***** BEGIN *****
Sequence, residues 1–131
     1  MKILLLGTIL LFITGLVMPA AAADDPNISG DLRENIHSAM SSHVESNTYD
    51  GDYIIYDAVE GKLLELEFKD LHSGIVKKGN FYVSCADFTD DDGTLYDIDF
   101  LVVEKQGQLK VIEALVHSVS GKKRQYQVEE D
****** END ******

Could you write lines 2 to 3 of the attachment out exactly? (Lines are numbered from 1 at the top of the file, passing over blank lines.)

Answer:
     1  MKILLLGTIL LFITGLVMPA AAADDPNISG DLRENIHSAM SSHVESNTYD
    51  GDYIIYDAVE GKLLELEFKD LHSGIVKKGN FYVSCADFTD DDGTLYDIDF